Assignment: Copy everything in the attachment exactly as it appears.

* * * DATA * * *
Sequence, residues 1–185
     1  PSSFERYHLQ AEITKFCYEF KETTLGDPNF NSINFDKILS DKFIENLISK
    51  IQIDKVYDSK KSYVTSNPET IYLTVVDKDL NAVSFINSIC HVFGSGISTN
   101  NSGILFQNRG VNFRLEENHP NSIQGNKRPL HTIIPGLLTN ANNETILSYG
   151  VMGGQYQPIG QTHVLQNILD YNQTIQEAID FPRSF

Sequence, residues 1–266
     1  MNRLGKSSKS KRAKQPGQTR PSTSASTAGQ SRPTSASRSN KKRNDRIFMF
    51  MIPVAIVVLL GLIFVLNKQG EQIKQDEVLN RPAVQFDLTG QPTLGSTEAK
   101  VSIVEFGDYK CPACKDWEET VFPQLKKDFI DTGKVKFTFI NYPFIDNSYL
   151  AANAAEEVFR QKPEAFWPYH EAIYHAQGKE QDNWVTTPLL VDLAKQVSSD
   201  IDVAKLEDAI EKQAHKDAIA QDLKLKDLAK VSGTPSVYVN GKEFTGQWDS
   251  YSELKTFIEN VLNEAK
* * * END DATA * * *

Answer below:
Sequence, residues 1–185
     1  PSSFERYHLQ AEITKFCYEF KETTLGDPNF NSINFDKILS DKFIENLISK
    51  IQIDKVYDSK KSYVTSNPET IYLTVVDKDL NAVSFINSIC HVFGSGISTN
   101  NSGILFQNRG VNFRLEENHP NSIQGNKRPL HTIIPGLLTN ANNETILSYG
   151  VMGGQYQPIG QTHVLQNILD YNQTIQEAID FPRSF

Sequence, residues 1–266
     1  MNRLGKSSKS KRAKQPGQTR PSTSASTAGQ SRPTSASRSN KKRNDRIFMF
    51  MIPVAIVVLL GLIFVLNKQG EQIKQDEVLN RPAVQFDLTG QPTLGSTEAK
   101  VSIVEFGDYK CPACKDWEET VFPQLKKDFI DTGKVKFTFI NYPFIDNSYL
   151  AANAAEEVFR QKPEAFWPYH EAIYHAQGKE QDNWVTTPLL VDLAKQVSSD
   201  IDVAKLEDAI EKQAHKDAIA QDLKLKDLAK VSGTPSVYVN GKEFTGQWDS
   251  YSELKTFIEN VLNEAK